One from the vaults. With Zack Snyder’s new Superman movie Man of Steel in cinemas, I thought it would be fun to dig out this interview with Mark Pillow, who played supervillain Nuclear Man in the unfortunate Superman IV: The Quest For Peace. This originally ran in very short form as a Where Are They Now? piece in Empire a few years ago. Here’s the full thing.
Owen Williams: You were more-or-less an unknown at the time, so how did you end up in Superman IV?
Mark Pillow: Sidney J. Furie was the director, and I had met his son at one time, and it was Sidney’s son that suggested me. I was not a theatre trained actor, but I was in Denver doing a small play, and Sidney contacted my agent, and my agent had no idea where I was! The guy came out to the theatre to pay us and he was like, “Oh, by the way, your agent’s been looking for you,” and it was kind of a mad frenzy. I had to catch a flight to LA in the morning to meet with Sidney. It all happened incredibly quickly. Here you are in Denver doing a play, then back to LA, and then in London, where the film was going to shoot, two or three days later, staying at the Dorchester, sitting on the end of my bed going, “What just happened?” Then going to Elstree and meeting Gene Hackman and getting fitted… You never know about life. It can just take these turns so quickly! Always keep an open mind to all possibilities!
Did you already have that build or did you bulk up for the role?
I think my build was a large part of my getting the role. I had hoped to make acting a career, because I was such a fan of Arnold Schwarzenegger. He was doing so well by that time. I’d read his bodybuilding book and followed him and knew everything about him. I’d met Lou Ferrigno a few times too. I was always around that culture, and I thought if I built my body up and worked on my voice and took some classes, there might be a possibility of a career like theirs.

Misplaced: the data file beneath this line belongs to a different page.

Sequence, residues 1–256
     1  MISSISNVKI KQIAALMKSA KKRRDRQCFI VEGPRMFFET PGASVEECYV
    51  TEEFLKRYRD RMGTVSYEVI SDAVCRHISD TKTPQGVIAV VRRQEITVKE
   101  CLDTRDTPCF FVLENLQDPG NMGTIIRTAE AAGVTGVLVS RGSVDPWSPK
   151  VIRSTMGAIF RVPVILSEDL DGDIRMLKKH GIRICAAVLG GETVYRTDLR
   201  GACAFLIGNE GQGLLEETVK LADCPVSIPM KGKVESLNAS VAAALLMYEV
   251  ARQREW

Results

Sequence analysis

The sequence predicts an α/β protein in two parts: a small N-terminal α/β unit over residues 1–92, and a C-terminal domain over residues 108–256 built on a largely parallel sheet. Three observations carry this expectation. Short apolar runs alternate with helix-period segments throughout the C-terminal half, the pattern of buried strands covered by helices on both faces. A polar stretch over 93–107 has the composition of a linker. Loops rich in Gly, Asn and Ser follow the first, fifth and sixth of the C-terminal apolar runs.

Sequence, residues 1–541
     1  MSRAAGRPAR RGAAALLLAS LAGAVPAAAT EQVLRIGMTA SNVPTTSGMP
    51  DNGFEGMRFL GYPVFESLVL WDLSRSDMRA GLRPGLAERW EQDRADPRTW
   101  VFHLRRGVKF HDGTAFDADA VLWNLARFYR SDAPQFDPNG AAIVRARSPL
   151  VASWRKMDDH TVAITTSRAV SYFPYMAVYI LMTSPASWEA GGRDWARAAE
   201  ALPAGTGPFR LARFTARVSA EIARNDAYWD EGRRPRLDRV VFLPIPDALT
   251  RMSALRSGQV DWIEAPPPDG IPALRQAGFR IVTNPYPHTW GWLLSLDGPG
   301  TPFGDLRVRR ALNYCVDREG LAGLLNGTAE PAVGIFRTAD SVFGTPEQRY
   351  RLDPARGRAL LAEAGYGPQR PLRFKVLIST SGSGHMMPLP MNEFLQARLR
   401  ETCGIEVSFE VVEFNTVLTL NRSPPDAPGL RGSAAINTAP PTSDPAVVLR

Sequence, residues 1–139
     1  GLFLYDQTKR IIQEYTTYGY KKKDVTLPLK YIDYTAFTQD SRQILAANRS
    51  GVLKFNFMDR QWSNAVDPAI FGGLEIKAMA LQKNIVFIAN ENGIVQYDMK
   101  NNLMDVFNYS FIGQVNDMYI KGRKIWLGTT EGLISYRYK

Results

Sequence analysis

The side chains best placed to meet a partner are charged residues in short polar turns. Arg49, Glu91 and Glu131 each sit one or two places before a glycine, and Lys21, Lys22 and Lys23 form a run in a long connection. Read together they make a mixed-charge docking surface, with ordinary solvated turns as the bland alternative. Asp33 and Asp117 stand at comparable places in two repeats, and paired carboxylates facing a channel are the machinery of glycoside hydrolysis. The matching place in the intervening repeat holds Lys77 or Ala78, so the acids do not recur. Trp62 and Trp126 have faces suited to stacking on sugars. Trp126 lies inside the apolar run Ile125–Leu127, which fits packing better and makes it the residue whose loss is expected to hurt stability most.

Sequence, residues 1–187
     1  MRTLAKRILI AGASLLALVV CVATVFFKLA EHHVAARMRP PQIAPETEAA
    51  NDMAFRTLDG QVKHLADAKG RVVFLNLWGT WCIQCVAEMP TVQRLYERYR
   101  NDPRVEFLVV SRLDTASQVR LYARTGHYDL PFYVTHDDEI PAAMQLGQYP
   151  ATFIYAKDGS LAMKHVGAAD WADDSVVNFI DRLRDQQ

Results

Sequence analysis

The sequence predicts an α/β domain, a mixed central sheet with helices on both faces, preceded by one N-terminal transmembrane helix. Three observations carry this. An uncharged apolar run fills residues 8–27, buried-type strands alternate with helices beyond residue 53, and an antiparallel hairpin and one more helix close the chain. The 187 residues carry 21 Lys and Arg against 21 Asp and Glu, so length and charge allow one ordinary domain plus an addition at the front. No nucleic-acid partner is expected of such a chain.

How was it, as an inexperienced actor, being thrown in opposite Gene Hackman and Christopher Reeve?
It was nerve-wracking as a newcomer to work with Hackman, but he was very helpful. He teased Chris more than me: “You’d better do something about that body – look at this guy!” I’m a huge fan of Gene. Just to sit down with him at lunch and let him tell stories… He’s a guy who came up through the ranks: him and Robert Duval and Dustin Hoffman had come up through New York and struggled as bread truck drivers and bricklayers. Just to hear that you could come from that and study and be persistent and have a career was fascinating to me. Christopher was a bit different. He was quite Ivy League: very well spoken and intense. He spoke quickly and knew what he wanted, but like most of the stars I’ve had a chance to spend time with alone, he was just genuine and very bright. You see them in public and they put on a persona to guard themselves.
Was it always intended that Nuclear Man would have Hackman’s voice?
No, that was an odd, late choice to have Gene do Nuclear Man’s lines and have me lipsync to them. Gene didn’t expect that and neither did I. It led to a very wooden performance, which made it a challenge. All I was doing was following Gene’s voice, which gave me very little scope to do anything. To this day I’m not completely sure why they made that decision.
It was a famously troubled production: were many of your scenes cut?
I believe the shoot was quite difficult, but I only really felt it through Sidney, who was obviously having a tough time. There was a sense that things weren’t going well. A lot of my scenes didn’t make the final cut, but the wonderful thing about the Internet is you can find all these things now! I found something a few weeks ago where I’m in like this stand-up tanning bed and I come out of it and talk to Lacy [Mariel Hemingway] and she slaps me. I looked at it and thought, “Well, that was interesting, but obviously it didn’t contribute to the story”. And of course there were all those famous lost scenes with the first Nuclear Man, who wasn’t me.